As career choices have shifted from the likes of medicine and law to modern technology options, the tech industry in Nigeria is on the rise. In recent times, the multi-million Naira industry is sought after by young people in Nigeria since the industry is flexible and very lucrative. Like all sectors, the representation of women is low in the Tech industry. Arewa women are not active because they believe tech jobs are meant for men.
The Tech industry is made up of various programmers, cyber security experts and user interface and experience designers, amongst many other computer and technology experts.
Speaking with Document women, some Arewa women describe what it’s like to work in the tech space
“I was told it’s a male-dominated field and I wouldn’t be noticed in that career. I was also told that programming is not for girls.
It has been an amazing journey so far. Gaining experience and transitioning from web development to Data Science. I have mentored so many people who are now doing great in the tech industry.”
Fatima is a programmer from Katsina State who decided to study computer science in the university after watching her brothers play video games and nursing with a passion and fascination for technology. She served as a programmes manager for the first data science fellowship programme in Kaduna and has trained over 100 women from rural communities in digital literacy. Ms Tafoki is currently leading/ mentoring young people in the tech ecosystem.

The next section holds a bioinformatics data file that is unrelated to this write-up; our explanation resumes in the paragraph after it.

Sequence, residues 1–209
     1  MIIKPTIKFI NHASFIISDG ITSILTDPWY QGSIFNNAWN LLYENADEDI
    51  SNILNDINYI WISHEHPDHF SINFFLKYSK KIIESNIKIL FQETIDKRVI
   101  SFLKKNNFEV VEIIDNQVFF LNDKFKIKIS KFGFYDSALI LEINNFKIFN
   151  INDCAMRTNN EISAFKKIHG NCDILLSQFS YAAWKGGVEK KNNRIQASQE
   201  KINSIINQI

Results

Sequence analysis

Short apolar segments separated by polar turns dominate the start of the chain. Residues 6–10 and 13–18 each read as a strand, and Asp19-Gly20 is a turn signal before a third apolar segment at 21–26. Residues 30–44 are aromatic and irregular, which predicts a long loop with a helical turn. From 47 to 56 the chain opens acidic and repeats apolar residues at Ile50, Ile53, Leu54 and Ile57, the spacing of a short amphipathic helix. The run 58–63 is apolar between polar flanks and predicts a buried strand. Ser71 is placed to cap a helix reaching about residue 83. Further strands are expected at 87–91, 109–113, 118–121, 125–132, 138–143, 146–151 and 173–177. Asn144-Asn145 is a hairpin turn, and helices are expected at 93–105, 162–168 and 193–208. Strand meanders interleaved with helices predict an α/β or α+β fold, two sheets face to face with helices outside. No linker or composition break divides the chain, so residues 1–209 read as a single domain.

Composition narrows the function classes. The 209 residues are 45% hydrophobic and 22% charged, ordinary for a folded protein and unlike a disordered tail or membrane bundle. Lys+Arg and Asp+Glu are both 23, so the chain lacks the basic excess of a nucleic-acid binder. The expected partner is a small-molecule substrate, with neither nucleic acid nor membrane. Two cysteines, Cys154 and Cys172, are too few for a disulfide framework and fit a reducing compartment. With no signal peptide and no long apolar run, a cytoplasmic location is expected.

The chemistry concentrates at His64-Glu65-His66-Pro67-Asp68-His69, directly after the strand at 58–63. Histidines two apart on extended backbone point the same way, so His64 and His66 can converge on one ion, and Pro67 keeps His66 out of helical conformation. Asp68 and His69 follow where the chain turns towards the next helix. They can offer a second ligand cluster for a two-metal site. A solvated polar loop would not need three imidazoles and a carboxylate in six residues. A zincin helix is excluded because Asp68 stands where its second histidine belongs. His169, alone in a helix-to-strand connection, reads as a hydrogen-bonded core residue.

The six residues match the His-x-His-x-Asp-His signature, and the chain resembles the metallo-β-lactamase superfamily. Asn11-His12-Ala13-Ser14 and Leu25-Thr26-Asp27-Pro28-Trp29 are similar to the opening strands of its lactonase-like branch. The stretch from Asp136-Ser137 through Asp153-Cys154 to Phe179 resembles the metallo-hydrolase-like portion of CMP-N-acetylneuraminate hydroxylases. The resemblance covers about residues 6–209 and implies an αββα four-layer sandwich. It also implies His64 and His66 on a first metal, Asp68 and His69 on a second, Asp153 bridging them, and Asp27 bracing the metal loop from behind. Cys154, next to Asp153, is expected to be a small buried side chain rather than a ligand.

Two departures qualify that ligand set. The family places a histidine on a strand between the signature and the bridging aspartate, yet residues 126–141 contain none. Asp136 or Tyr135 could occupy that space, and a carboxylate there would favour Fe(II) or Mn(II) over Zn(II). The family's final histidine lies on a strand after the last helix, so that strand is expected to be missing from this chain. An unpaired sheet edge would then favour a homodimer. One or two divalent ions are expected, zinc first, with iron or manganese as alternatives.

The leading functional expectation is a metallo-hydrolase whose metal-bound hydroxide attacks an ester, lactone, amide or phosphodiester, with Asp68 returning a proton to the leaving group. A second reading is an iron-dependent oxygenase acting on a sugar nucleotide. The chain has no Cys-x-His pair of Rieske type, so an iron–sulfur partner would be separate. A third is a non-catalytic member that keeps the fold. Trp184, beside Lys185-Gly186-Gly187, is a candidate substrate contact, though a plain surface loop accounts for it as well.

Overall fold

“I didn’t get enough resources and tools at the early stage of my career. There wasn’t much encouragement, but the journey so far has been great, in tech every challenge you face is an opportunity for you to do better.”
“I stumbled into tech by accident. I had a deficiency in English when I was supposed to study International Relations at the point of admission (2002). I had to do a change of course, unfortunately, or fortunately for me, the course was changed to Maths/Computer,” she tells Document Women, “It took me a while to accept this sudden change in my future career.
I worked twice as hard to meet up with the pace & understanding, coming from an art background.”
Salome is a software developer from Kaduna state.
“I hope to change the mentality of painting a particular field or course of study to be gender-based especially Tech. Many believe coding is for men while digital marketing is for women, why? Any gender can become whatever they set their minds upon to do. It is time we look beyond gender and look at the capability of an individual, what the individual has to offer, and the skills on the table.”
She says male counterparts are sometimes one of the obstacles and most times people don’t believe in her skills because she is a woman.
“Some of my challenges have been failure to meet deadlines due to family responsibilities making extra efforts to make yourself relevant to the tech community. Some of my achievements have been giving purpose to me. This mentorship is only possible through some meet-ups and Tech Communities”
As the world continues to expand and evolve, so does technology. The wealth creation opportunities are vast in tech and women like Ms Tafoki and Ms Danjuma are just a few women who have been open to risks. This should serve as motivation for more Arewa women.